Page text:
Valuable and educational peer work

Valuable and educational peer work

Reportage- Jan Ove Sørheim

‘- Peer work facilitates people’s everyday lives and contributes to amputees and prosthesis users being able to participate in activities that are adapted to them, says Jan Ove Sørheim.

Reportage- Jan Ove Sørheim

Jan Practice finds great pleasure in outdoor activities. Here he went up to Nipa Høgda at 1200 meters with a view practicer Osafjorden, which is located in the innermost part of the Hardangerfjord. He has a cabin in the area and often goes for walks in steep terrain.

By Marte Nordahl. Photo: Private.

– Peer work facilitates people’s everyday lives and contributes to amputees and prosthesis users being able to participate in activities that are adapted to them, says Jan Ove Sørheim.

Jan Ove Sørheim was hit by a wheeled excavator at work in 2004. As a result of the accident, he had to amputate his right leg shortly afterwards. The time after the amputation he experienced as tough.

– Lack of information and support required that I worked hard to get back on my feet. I quickly understood that I was dependent on meeting others with similar experiences, he says.

Jan Ove Sørheim report

First day at work as a truck driver after the accident.

The farm work helps to keep Jan Ove in shape.

Permanent equal for four years

Jan Ove was trained for the first time as a peer in 2010. He has worked as a peer for about four years at Unicare Fram in Rykkin. Here, Momentum has an agreement to conduct peer talks for one hour each month. Jan Ove worked here until the coronavirus broke out in March last year. Now he is looking forward to the offer reopening.

– At the meetings, we introduce ourselves and tell about Momentum and the work around peer work. As of today, we are two people sharing the task. I also show up for phone calls when someone wants to talk, says Jan Ove.

Useful group conversations

At Fram, Momentum conducts group discussions with several people. Usually, there are around ten people participating in the conversations. Initially, Jan Ove presents Momentum.

– Since many in the conversation group are newly amputated and have not seen a prosthesis before, I often show the prosthesis I use. I also try to answer questions about the practicalities well. Likewise, I take care to inform them about different types of prostheses and attachments, as well as wound problems. All the general information I provide helps to simplify all routines for the new amputees, he informs.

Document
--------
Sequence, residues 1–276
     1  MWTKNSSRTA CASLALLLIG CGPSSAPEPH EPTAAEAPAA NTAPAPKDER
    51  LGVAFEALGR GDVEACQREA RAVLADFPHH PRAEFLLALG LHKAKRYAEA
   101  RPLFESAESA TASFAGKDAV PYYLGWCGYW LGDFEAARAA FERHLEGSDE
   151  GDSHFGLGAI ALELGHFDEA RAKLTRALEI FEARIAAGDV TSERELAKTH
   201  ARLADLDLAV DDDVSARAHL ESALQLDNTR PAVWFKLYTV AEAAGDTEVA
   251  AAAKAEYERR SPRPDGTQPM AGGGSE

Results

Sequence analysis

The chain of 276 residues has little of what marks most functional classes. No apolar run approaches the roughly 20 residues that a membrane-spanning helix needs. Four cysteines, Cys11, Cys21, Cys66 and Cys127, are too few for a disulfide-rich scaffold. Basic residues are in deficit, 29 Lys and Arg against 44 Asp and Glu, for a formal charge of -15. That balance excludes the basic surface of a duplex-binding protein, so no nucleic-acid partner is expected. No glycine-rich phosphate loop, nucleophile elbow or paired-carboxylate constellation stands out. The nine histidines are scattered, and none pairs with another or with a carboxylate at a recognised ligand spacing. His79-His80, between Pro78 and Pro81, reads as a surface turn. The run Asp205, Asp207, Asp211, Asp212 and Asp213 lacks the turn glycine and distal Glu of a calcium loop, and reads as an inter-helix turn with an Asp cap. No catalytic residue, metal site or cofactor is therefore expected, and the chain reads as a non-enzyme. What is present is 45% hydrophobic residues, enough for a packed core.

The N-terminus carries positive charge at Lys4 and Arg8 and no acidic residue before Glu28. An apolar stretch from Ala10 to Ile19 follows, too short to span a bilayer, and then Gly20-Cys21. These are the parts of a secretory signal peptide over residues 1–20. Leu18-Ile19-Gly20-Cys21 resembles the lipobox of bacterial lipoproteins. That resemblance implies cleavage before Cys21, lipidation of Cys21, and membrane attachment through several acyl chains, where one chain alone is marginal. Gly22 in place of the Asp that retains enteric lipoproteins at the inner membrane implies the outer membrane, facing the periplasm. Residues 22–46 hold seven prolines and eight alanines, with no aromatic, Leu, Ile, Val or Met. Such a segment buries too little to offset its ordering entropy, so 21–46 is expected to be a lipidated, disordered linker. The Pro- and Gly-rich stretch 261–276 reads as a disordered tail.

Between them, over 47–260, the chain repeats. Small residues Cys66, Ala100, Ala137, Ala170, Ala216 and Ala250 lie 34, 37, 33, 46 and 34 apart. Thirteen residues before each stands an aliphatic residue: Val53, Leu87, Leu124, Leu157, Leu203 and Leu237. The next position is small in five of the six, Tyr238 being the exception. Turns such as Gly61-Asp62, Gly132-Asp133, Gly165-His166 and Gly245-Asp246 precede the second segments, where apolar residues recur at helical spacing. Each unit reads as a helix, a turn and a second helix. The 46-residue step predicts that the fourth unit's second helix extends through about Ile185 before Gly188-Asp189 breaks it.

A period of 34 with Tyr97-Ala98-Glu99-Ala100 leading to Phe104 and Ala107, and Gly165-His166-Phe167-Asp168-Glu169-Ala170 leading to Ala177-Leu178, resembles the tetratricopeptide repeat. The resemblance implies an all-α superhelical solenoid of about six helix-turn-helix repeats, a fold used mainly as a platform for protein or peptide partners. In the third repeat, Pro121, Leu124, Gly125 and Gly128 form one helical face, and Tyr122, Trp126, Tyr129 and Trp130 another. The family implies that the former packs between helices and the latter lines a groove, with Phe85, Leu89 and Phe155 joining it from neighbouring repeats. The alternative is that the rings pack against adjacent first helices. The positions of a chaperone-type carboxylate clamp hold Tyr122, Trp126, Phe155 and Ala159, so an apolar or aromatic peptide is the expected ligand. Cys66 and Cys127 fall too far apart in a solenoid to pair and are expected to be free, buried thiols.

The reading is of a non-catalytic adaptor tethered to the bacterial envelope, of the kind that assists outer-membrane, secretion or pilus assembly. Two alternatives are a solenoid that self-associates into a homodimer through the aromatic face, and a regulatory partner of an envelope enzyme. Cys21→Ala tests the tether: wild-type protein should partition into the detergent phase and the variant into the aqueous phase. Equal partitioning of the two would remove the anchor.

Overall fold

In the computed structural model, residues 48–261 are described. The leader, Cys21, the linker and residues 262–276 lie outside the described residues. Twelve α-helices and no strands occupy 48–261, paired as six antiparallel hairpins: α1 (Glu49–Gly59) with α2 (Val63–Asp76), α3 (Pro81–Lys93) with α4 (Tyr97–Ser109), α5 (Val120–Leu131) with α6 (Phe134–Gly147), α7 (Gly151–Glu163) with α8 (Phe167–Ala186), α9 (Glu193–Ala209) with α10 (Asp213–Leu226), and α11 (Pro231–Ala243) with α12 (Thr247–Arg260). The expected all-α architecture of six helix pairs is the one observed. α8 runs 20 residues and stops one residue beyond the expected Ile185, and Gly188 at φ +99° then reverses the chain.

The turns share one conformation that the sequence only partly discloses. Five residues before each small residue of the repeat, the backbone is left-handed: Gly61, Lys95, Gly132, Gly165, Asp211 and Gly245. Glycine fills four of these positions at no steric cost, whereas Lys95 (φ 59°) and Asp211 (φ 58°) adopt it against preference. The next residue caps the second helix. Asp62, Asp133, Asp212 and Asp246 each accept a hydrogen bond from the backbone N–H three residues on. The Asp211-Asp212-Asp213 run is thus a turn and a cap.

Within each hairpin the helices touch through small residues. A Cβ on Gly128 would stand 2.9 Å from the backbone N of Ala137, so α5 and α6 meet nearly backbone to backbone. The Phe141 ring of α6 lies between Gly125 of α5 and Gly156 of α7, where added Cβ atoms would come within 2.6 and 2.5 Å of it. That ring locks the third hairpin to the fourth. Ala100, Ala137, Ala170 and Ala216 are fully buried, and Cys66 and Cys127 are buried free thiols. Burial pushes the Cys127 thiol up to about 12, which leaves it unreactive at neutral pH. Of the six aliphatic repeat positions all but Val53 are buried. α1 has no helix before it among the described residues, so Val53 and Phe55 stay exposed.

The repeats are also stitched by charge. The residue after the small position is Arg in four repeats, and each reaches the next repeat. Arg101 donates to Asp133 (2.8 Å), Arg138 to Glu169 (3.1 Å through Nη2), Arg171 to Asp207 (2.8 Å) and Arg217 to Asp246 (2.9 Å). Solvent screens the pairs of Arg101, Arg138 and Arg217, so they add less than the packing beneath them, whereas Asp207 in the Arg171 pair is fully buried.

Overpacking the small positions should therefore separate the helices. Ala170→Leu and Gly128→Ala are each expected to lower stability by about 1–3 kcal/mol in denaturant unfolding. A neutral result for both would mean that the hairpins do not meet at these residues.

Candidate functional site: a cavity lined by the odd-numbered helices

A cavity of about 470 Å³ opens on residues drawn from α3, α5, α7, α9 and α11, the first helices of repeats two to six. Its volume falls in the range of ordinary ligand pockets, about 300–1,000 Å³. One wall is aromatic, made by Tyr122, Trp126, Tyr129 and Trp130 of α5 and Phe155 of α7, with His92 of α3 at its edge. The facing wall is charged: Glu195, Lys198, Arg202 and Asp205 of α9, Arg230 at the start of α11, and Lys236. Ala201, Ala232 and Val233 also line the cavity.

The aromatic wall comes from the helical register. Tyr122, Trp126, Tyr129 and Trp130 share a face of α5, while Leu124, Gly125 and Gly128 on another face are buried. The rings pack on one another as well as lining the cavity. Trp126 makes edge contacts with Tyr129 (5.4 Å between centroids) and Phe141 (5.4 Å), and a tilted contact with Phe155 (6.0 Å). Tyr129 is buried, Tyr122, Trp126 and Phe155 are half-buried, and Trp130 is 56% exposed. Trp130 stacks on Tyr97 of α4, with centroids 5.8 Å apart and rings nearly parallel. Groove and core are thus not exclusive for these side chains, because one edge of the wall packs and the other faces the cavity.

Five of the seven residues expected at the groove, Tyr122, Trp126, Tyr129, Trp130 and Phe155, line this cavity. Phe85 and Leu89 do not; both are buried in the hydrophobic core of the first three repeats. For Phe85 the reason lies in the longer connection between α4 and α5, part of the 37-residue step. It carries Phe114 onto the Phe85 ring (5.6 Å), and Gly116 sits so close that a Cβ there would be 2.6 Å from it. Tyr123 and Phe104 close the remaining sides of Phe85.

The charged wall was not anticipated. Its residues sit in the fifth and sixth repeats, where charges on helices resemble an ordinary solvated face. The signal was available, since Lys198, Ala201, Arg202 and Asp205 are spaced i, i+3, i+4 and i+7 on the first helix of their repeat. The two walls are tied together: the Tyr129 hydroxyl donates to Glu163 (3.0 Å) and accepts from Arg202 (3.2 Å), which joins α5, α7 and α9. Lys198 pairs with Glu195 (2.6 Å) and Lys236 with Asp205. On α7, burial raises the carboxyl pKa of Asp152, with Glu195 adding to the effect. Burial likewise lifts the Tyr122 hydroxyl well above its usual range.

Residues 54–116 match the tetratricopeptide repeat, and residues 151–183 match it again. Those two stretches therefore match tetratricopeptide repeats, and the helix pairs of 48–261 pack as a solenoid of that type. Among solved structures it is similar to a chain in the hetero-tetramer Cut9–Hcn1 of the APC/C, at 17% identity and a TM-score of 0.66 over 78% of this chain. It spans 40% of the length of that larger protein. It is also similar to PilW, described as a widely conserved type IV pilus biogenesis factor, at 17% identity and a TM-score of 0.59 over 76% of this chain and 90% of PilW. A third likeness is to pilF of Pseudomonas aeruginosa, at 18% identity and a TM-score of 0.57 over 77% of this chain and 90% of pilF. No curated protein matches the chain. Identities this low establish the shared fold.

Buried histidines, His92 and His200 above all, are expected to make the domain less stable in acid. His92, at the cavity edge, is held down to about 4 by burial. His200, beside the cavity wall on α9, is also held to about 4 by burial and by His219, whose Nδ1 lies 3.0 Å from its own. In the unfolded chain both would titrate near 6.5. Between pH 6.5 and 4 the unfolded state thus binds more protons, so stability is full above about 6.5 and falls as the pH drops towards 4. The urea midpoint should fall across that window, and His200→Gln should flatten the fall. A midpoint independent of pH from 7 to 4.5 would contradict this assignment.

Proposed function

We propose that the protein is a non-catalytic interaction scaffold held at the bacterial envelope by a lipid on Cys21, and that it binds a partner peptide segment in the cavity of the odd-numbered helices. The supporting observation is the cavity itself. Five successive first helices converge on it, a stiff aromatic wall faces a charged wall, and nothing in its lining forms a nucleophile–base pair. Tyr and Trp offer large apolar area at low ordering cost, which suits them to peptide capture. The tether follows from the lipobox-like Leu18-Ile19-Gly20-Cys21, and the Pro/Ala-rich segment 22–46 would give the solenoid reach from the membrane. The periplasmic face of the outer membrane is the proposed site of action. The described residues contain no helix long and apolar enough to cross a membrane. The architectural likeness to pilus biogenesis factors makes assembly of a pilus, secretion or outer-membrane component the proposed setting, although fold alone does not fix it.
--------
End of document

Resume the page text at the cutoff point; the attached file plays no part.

Informative discussion

– The same people often participate in the group discussions because they find it useful to participate. When they have become warm in the jersey, many dare to share different experiences among themselves which results in a lot of informative discussion, he says.

– We also experience that not everyone thinks it is as comfortable to speak loudly in a group conversation. Therefore, we are available for a chat on the phone if they have any questions after the call, says Jan Ove.

Jan Practice is often on boat trips in the Osafjord.

Challenging and rewarding conversations

Jan Ove emphasizes that peer work can be both very rewarding, but also challenging.

– I meet people who are to be amputated, or who have just been amputated and are in hospital. It also happens that I have new conversations when the person is in the rehabilitation phase. Before I ask them questions, it is important to look at what stage they are in and what their needs are. Mostly I experience that people become more positive when they see that it is possible to live a good life after an amputation.

Jan Ove-Sørheim

Jan Ove mastered the demanding hike up to Lomseggen with Bedriftsidrettslaget. On the trip he went up Galdhøpiggen. The photo was taken last summer.

Valdres, 2016. Jan Ove first crossed Besseggen in Valdres and Bitihorn the next day. He spent a total of seven hours on the trips.

Finally reached the top of Galdhøpiggen.

Inspiration that motivates

– The goal of the conversation I perform is to inspire the user to understand that it is possible to be active, as long as they are motivated to do so.

Jan Ove is very inspired by being able to motivate people to exercise and do activities that make everyday life easier.

– I constantly get feedback that people think more clearly about life after they have talked to a peer. In addition, we adjust the level of amputation and the challenges the person has with the peer. If a young man has amputated a leg, we try to find a similar equal within his age group.

Jan Ove is actively snowboarding. In March last year, he participated in the National Championships in Boardercross, which gave him more taste.